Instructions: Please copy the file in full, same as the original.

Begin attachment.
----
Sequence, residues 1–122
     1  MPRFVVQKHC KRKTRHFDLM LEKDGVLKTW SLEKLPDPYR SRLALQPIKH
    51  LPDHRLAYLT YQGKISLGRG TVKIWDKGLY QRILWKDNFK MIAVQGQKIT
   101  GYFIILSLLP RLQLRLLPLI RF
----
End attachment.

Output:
Sequence, residues 1–122
     1  MPRFVVQKHC KRKTRHFDLM LEKDGVLKTW SLEKLPDPYR SRLALQPIKH
    51  LPDHRLAYLT YQGKISLGRG TVKIWDKGLY QRILWKDNFK MIAVQGQKIT
   101  GYFIILSLLP RLQLRLLPLI RF